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Oddly enough, in over 10 years of travelling across the Atlantic for Cheap Trick shows, I’d never been to the city of Boston. I’ve flown through Logan Airport a couple of times en-route to somewhere else, but had never had the opportunity to stop, see the city and perhaps see CT perform there. Well, despite having recently started a temporary job, a Friday night date in the bands November schedule caught my eye, and after a little consideration, I booked flights about 10 days before the show. Luckily this was the quietest time of year for airline travel, hence seats were relatively cheap and available. So I was on my way for a very short weekend visit to the home of the Red Sox and Aerosmith, and the birthplace of the American Revolution.

Fri 17 Nov – Travelling over + Cheap Trick in Boston

I normally fly with KLM, the Dutch airline. However, whilst searching for flights I found that KLM’s partner airline, Air France were offering the cheapest deal. So this Friday morning saw me checking in at AF's desks at Manchester Airport at 5.15 am, only to fall foul at Security of the latest and very stringent rules. Everyone was only being allowed one single piece of hand baggage, so my small backpack counted as that and I had to return to the desk and check in my small red overnight bag <sigh>. Luckily I had nothing breakable in it.

The flight from Manchester to Paris Charles De Gaulle Airport was just an hour, and "memorable" only for the meagre breakfast… which consisted of a mini muffin. At least on KLM you actually get a filled bread roll and juice. Oh well, you get what you pay for.

Paris CDG is a very large airport, with parts of it being pretty new and architecturally impressive. However, getting around is a mess, with crowded buses to transport you between the different terminals. The small, remote terminal where my and several other US bound flights were leaving from was spacious yet felt like a warehouse, and the Air France lounge was large and soulless… sort of like an Ikea store without most of the fittings. And whilst the plane for the flight was a huge AF Boeing 747, it was somewhat bizarre for the 300 passengers to have to walk about 30 yards across tarmac and up one of those movable stairwells up into the aircraft. My seat was upstairs in the "lump" part of the plane, which was very crowded with narrow and uncomfortable seats. A far cry from the more spacious Business Class layout in the upstairs of KLM’s 747’s, which I’ve luckily experienced a few times with upgrades.

Anyway, the flight took 7 hours and was totally unmemorable, though AF’s economy class meal was slightly more imaginative than KLM’s equivalent. As with the first time I’d flown into Boston’s Logan Airport, I marvelled at the picturesque approach with the water getting closer and closer until suddenly there’s land and the aircraft wheels hit tarmac. It was mid-afternoon when I arrived, and immigration was surprisingly quick. I had to wait for my small red bag to hit the carousel, but I was in no hurry. After it arrived I took a bus shuttle to another terminal where I was to meet Patricia who was flying in from Chicago. She arrived after 5pm, and we hurried to get a bus to the metro (known locally as the "T") station.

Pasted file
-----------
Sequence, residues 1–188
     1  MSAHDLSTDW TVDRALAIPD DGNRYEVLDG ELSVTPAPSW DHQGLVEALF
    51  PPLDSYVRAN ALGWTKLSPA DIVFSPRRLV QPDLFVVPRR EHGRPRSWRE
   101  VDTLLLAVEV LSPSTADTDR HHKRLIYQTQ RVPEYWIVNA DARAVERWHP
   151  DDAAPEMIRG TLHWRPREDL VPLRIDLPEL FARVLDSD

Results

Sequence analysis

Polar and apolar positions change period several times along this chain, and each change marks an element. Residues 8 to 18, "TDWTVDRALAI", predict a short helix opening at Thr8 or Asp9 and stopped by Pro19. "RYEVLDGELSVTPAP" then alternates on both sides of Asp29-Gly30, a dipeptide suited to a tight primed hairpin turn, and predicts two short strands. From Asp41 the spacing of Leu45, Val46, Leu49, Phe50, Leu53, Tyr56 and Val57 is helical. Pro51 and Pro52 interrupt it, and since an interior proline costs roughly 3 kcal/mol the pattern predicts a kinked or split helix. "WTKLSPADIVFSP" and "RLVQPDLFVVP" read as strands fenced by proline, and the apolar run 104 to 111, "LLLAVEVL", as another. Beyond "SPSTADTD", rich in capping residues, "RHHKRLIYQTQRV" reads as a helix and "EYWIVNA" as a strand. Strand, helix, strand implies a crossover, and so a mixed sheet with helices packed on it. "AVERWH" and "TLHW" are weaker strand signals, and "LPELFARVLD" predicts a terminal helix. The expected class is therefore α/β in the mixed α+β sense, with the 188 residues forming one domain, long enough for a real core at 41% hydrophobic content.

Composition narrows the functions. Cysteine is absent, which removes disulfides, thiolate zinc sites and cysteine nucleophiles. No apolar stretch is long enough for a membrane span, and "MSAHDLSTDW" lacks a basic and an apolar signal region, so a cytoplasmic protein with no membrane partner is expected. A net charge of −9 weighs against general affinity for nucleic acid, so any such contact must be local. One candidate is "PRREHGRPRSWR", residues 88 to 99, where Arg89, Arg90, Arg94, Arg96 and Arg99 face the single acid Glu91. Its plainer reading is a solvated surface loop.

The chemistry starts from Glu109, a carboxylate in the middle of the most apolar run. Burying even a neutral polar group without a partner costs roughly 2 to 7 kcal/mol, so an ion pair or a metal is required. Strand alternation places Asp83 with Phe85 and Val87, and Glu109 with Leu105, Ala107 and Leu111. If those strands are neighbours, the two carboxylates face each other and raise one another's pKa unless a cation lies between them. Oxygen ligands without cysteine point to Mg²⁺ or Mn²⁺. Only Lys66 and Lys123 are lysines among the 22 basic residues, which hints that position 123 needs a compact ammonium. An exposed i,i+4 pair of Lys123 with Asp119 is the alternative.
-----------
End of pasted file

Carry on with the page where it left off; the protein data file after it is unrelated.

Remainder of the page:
The Boston metro is really weird downtown, with winding tunnels, small stations and there’s quite an old fashioned air about it all. I really ought to check how old the metro system is here. Anyway, we eventually alighted somewhere near our hotel… but my sense of direction, normally pretty good, was totally confused! I found it very hard to find my bearings in Boston for a couple of days for some reason, but we did eventually (more by luck than judgement!) find our hotel and get checked in. By now it was well after 6pm and we had a venue to get to. So we decided to take a cab, which at first took us in the wrong direction (and very slowly, given the busy, rush hour traffic) before following the one way system around the Common and taking us west.

We reached the Avalon Club a few minutes before 7pm, and cool to see that it was on a street right next to Fenway Park, home of the Boston Red Sox! Shame it was so dark… Anyway, we quickly got into the Avalon and found the club to be pretty crowded already, so we stood near the back behind the sound and light boards to watch the show. Opening up tonight was Soul Asylum, and they came on at 7.05pm to a warm welcome.

The venue was a club with a mid-sized stage and a crowded main floor in front. It was a GA standing venue and people were already pretty packed. There were bars to both sides of the main floor, and a balcony to the rear. The roof/ceiling was arched, and reminded me of the roof in a similar but much smaller venue back home in Leeds.

Soul Asylum were pretty good, and they went down pretty well with the crowd. They played a 50 minute set, finishing at 7.55pm.

In the brief interval it was nice to go to near the side of stage front and spot Junko and the two Adams in the front. And near the back of the club it was nice to run into Teri from New York, so she joined us rather than braving the crowd. The lights went down at 8.12pm, and we heard two bars of "House is Rockin" from offstage before the drone started up. The band were introduced as usual by the familiar Dave Rule salutation, and the band took to the stage at 8.13pm.